Odd Obsessions – Grouse Foot Brooches

Odd Obsessions is a new twice-monthly feature I’ll be doing about my current strange fascinations. Anything from unique jewelry, natural ephemera, unusual traditions or happenings, and other oddities. Hope you guys enjoy this new series!

On a recent antiquing trip, as I was perusing through the glass display cases, my eye was immediately drawn to these furry little feet sitting amongst the old jewelry and dusty treasures. I had to find out what they were! These grouse claw brooches come from Scottish tradition during the Victorian era. Scottish men would pin them on their kilts for good luck, particularly wearing them on hunting trips. The feet are often adorned with gemstones or colored glass, and some have additional embellishments like the stag head seen on 1, 3, and 4.

Grouse claws were also distributed as Mizpah brooches (these ones typically have an engraving of two hearts with an arrow through them on the back along with the word). “Mizpah” is a Biblical term roughly meaning “God watch over us while we’re apart.” The jewelry was given as a sign of love and remembrance during long separations. What could be more romantic than receiving a taxidermied bird foot upon your lover’s departure?

These are still manufactured today, so they’re not too terribly difficult to get ahold of. I’d love to snatch one of these up for my collection, or better yet, get one as a romantic gesture from Dave the next time he leaves on a big trip. ;)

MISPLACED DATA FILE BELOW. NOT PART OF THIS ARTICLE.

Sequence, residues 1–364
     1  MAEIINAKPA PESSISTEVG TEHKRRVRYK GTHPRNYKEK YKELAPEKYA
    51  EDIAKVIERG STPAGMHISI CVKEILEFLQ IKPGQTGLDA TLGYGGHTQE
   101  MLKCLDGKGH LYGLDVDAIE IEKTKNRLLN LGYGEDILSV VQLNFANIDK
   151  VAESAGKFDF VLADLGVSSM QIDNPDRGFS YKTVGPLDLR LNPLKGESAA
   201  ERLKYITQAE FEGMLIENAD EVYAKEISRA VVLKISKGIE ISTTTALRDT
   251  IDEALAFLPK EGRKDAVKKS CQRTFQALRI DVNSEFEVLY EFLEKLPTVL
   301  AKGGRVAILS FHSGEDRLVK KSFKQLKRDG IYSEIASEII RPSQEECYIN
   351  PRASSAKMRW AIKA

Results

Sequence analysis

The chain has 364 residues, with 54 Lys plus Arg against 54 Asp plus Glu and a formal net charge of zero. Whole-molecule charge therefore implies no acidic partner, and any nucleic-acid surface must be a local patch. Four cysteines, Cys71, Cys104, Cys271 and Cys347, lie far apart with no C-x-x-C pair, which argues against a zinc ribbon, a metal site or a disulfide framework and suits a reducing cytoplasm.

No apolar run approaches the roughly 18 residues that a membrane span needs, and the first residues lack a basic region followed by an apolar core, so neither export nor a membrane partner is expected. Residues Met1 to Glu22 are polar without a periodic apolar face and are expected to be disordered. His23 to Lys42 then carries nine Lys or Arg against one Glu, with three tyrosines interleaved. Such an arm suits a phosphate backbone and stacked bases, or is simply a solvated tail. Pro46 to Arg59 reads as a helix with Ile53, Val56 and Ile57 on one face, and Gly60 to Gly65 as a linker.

1 // 2 // 3 // 4 // 5

14 comments on “Odd Obsessions – Grouse Foot Brooches

  1. Wow, fascinating! So many strange things that I’ve yet to learn of, this being one. I love the idea that what our culture considers “odd”, was another culture’s expression of love. I can’t wait to see what the rest of your series will hold!

  2. So creeptastic. And I love the idea for the new feature! I have been experimenting with plenty of new features over on my blog as well, and have been feeling so much more inspired ever since. I hope it does the same for you!

    • From what I’ve seen, they range anywhere from a couple of bucks to over a hundred dollars. I’m sure the value of it is based primarily on the age and materials since these aren’t exactly rare items (they’re still created today).

  3. My aunt brought some of these back from Scotland about 60 years ago. Several different designs, but all silver and with a citrine stone. She wore them on a tartan shawl or wool sweater. I thought it to be some kind of weird fur as a child. Back then, I had no idea that there was a unique bird who grew feathers on his feet. I wonder what her students thought of it when she wore them to school.

    In the movie “Bertie and Elizabeth”, you can see the queen (played by Eileen Atkins) wearing a grouse claw pin on her hat! It was quite the custom to vary your hats by attaching different objects, pins, silk flowers, ribbons, etc. It was the era of amazing accessories.

  4. Thank you for that info! I bought one at Goodwill and wondered what the double hearts and Mizpah meant. The word was difficult to read under the fur. And it’s pretty creepy!

  5. I believe a lot of these feet were brought back by Victorian English shooting gentlemen from hunting trips to north of the boarder as keep sakes for their loved one x

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